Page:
Despite Kahn's findings, the medical community does not consider weight loss a cure for Type 2 diabetes. If the weight returns, the condition will likely return. Moreover, people with genetic predispositions are affected by more than RPB4 levels alone. In fact, some people with this disease are not overweight at all. In these cases, RPB4 is not a factor.

However, for the majority of people suffering from Type 2 diabetes as a result of excess weight, weight loss can often eliminate the symptoms all together. It may also improve conditions for those with genetic predispositions, making the disease more manageable. Medications may be eliminated over time and overall health can improve. Maintaining a healthier lifestyle that includes mild exercise leads, in many cases, to a symptom-free life. Though the medical community won't call this a "cure" for good reason, those living symptom-free after coping with diabetes aren't likely to care about the technical difference.

People who are excessively overweight and live with Type 2 diabetes should consult a medical professional for an exercise program and diet regimen suited to meet their needs.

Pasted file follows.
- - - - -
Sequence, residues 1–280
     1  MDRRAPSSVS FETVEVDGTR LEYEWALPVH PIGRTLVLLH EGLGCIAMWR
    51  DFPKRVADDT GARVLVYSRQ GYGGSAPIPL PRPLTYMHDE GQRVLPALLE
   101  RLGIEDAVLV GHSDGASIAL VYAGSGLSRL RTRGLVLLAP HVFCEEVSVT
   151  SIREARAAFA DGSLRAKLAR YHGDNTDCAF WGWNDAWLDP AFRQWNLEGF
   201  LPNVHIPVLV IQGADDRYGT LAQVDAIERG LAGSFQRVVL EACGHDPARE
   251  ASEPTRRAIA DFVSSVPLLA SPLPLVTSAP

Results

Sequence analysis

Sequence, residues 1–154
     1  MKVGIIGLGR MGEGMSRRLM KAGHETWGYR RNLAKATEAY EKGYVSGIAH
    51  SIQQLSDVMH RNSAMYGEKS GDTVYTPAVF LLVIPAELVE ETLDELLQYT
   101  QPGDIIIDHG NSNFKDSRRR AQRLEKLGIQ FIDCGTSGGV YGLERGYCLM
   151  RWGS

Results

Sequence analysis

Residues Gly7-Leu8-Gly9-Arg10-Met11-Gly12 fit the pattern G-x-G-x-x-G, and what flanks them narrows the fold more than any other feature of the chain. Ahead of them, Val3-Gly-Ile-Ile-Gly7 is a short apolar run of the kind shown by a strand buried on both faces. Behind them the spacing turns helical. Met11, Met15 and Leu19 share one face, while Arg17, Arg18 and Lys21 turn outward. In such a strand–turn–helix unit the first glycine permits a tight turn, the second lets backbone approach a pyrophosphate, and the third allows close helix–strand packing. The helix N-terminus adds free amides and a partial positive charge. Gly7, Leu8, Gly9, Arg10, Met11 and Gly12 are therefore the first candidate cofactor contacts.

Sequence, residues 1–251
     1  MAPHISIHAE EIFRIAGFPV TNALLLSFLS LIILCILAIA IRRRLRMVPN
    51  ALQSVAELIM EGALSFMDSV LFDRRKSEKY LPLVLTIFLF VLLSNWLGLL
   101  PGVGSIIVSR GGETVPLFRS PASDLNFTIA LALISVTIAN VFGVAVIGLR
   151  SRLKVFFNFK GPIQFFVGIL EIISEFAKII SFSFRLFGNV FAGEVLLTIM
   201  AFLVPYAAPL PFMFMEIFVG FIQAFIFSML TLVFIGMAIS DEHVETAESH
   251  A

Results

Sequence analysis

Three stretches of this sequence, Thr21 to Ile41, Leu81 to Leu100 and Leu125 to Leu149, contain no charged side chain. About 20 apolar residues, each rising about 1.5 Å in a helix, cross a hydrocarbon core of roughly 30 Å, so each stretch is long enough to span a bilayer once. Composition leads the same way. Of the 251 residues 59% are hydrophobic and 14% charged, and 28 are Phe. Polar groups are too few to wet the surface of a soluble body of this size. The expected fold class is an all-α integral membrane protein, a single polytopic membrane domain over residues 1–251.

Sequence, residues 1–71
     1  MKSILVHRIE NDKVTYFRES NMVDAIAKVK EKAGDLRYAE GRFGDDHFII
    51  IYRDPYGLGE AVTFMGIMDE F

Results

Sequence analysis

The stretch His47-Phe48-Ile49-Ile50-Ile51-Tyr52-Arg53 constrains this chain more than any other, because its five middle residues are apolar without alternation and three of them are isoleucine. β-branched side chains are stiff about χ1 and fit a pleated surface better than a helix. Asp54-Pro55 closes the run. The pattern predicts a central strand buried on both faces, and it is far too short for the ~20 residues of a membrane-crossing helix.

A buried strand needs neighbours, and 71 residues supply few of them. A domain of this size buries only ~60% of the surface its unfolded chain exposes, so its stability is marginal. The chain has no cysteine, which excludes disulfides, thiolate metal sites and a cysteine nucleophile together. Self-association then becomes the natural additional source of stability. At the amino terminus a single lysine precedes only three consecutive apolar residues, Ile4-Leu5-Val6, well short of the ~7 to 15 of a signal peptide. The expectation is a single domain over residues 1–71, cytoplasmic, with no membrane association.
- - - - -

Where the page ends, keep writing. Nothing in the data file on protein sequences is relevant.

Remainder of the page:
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Discuss this Article

Post 20

The Diabetic Prevention Programme showed that if you only lose 5 percent of body weight it will reduce your risk of progressing from pre diabetic to diabetic. It's not about pounds, but percentage.

A very small study did show reversal of type 2 diabetes with a low calorie plant based diet. From personal experience, I am aware of Diabetics who have reduced insulin/medications and BP therapy just by weight loss.

Post 19

I am a Type 2 diabetic and I weighed 333 pounds. I am down to 287 now and I am already noticing a difference. I'm eating differently (no preprocessed foods and portion control). I have cereal in the morning, a salad at lunch and a well portioned normal meal to include a meat and two vegetables and maybe even a salad for dinner.